It is easy enough to do good once or twice, but to keep on doing good without getting disgusted with the ingratitude of those whom we have benefited, that is not so easy. Therefore the Apostle does not only admonish us to do good, but to do good untiringly. For our encouragement he adds the promise: "For in due season we shall reap, if we faint not." "Wait for the harvest and then you will reap the reward of your sowing to the Spirit. Think of that when you do good and the ingratitude of men [or other disappointments] will not stop you from doing good."

Saturday, December 23, 2017

Luther on restoring the fallen (from his commentary on Galatians 6:1-5)

"When someone falls down, do you put out your hand to help them, or do you kick dirt in their face?"

I heard a preacher say that recently, and it captures well the underlying concern in the apostle Paul's words in Galatians 6:1-5, as well as Martin Luther's comments on it.  I've come to this great passage in my devotional reading of both Galatians and Luther's commentary, and I'm continuing to do this "devotional blogging" until I reach the end of the book (which won't be very long now).

The passage says, "Brothers, if anyone is caught in any transgression, you who are spiritual should restore him in a spirit of gentleness. Keep watch on yourself, lest you too be tempted.  Bear one another's burdens, and so fulfill the law of Christ.  For if anyone thinks he is something, when he is nothing, he deceives himself.  But let each one test his own work, and then his reason to boast will be in himself alone and not in his neighbor.  For each will have to bear his own load."

The great Reformer obviously had observed that loving restoration is the opposite of what often happens when someone has fallen into sin.  He writes,

Let the ministers of the Gospel learn from Paul how to deal with those who have sinned. "Brethren," he says, "if any man be overtaken with a fault, do not aggravate his grief, do not scold him, do not condemn him, but lift him up and gently restore his faith. If you see a brother despondent over a sin he has committed, run up to him, reach out your hand to him, comfort him with the Gospel and embrace him like a mother. When you meet a willful sinner who does not care, go after him and rebuke him sharply." But this is not the treatment for one who has been overtaken by a sin and is sorry. He must be dealt with in the spirit of meekness and not in the spirit of severity. A repentant sinner is not to be given gall and vinegar to drink.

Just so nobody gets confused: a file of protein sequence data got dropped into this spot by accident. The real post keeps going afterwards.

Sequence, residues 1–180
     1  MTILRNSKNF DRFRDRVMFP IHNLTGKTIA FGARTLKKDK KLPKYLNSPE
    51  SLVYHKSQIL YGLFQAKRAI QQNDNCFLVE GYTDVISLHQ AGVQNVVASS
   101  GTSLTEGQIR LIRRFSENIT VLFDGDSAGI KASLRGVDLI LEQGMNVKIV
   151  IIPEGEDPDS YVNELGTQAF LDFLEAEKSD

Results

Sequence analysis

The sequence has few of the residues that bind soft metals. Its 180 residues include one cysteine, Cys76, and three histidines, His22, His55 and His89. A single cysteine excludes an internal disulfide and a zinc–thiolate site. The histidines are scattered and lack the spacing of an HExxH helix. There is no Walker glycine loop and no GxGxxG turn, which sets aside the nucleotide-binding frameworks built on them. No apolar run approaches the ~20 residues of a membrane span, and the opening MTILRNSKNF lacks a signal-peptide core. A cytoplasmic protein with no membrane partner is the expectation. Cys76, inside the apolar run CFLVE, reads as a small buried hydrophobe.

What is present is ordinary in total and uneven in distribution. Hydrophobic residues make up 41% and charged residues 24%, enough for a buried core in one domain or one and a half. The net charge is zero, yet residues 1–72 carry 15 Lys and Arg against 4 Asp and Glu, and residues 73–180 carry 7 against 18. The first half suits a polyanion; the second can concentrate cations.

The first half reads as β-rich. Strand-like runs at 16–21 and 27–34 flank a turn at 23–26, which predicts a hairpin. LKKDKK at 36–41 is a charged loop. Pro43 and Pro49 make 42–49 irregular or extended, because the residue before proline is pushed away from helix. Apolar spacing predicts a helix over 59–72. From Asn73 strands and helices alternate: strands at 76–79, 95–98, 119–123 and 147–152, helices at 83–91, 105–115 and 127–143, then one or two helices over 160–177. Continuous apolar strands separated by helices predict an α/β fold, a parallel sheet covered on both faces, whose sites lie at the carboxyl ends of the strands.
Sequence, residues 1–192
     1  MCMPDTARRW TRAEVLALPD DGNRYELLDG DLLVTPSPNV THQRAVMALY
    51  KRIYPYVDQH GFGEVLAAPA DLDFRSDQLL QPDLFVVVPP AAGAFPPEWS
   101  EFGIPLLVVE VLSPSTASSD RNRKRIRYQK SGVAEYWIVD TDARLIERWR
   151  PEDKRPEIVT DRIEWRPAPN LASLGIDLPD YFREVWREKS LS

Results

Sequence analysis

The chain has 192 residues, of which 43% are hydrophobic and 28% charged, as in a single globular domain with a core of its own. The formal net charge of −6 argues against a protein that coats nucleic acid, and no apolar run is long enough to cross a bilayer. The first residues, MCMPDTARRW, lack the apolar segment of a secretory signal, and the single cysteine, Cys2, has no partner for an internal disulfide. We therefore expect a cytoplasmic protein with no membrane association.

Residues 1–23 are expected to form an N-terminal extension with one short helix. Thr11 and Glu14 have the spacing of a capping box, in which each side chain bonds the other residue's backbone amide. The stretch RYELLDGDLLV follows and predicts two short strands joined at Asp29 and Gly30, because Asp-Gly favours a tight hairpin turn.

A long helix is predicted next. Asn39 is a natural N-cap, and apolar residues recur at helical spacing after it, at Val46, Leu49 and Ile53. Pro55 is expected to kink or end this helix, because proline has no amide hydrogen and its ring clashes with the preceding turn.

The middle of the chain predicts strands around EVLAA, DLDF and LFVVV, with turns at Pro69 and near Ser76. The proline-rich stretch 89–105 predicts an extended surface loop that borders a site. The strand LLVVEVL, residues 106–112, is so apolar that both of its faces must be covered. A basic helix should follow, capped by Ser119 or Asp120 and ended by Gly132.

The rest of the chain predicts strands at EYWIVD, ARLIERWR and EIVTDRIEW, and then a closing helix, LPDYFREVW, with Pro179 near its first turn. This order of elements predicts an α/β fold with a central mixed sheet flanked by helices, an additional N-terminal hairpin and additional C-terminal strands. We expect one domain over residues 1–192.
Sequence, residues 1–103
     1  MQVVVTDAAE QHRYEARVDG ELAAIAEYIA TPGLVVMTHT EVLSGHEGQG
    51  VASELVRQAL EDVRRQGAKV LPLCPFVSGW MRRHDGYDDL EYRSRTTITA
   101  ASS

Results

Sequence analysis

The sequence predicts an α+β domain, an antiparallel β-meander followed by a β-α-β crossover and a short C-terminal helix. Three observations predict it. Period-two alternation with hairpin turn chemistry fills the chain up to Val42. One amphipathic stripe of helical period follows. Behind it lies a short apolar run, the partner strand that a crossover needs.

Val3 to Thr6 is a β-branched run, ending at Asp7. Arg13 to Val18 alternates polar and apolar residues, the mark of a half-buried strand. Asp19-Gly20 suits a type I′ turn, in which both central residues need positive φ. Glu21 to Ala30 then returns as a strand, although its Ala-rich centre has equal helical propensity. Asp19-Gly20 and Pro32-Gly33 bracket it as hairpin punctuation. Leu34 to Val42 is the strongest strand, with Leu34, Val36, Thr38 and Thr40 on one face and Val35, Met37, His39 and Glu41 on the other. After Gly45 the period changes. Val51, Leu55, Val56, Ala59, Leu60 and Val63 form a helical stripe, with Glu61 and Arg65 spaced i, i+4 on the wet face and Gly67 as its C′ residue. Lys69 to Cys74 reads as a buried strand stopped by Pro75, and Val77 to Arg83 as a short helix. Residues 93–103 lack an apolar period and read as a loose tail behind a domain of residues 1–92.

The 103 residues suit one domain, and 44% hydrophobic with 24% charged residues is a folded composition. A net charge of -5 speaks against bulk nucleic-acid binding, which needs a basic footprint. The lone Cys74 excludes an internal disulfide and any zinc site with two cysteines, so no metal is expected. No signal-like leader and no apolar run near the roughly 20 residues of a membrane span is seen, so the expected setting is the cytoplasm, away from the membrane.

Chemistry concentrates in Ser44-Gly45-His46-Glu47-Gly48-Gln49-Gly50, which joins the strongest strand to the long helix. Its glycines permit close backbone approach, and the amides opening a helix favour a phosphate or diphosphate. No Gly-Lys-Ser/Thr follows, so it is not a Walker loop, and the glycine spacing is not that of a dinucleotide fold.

Those who fail to do so [bear the burdens of the fallen] expose their lack of understanding of the law of Christ. Love, according to Paul, "believeth all things, hopeth all things, endureth all things." This commandment is not meant for those who deny Christ; neither is it meant for those who continue to live in sin. Only those who are willing to hear the Word of God and then inadvertently fall into sin to their own great sorrow and regret, carry the burdens which the Apostle encourages us to bear. Let us not be hard on them. If Christ did not punish them, what right have we to do it?

Paul and Luther then go on talk about the primary reason why people kick dirt in the faces of the fallen rather than helping them up, which is pride.  They think of themselves higher than they ought to think (v. 3, see also Rom. 12:3), and compare themselves to those who have failed with thoughts like "I would never do that" or "he made his bed, now he'll have to lie in it."  But Paul challenges us to examine our own works, which would surely lead us to recognize that we ourselves are no better than anyone else (because we know more about our own secret sins than we do about those of others).  This calls to mind some wise words from a pastor who reached out to me after some sin had been exposed in my life.  I said to him on a text, "Thanks for your phone takes courage and compassion to care for the lepers."  And he responded, "We're all lepers, Dave, we just don't realize it sometimes."

Luther then goes even deeper by suggesting that a particular symptom of spiritual pride, which must be healed in us before we can be healers to others, is a desire for the approval of people, or "the fear of man" as the Scripture calls it.  His words about this are helpful not just for pastors (whom he addresses), but for anyone who wants to help others up rather than kick dirt in their faces...

"Let a minister be faithful in his office," is the apostolic injunction. "Let him not seek his own glory or look for praise. Let him desire to do good work and to preach the Gospel in all its purity. Whether an ungrateful world appreciates his efforts is to give him no concern because, after all, he is in the ministry not for his own glory but for the glory of Christ." A faithful minister cares little what people think of him, as long as his conscience approves of him. The approval of his own good conscience is the best praise a minister can have. To know that we have taught the Word of God and administered the sacraments rightly is to have a glory that cannot be taken away.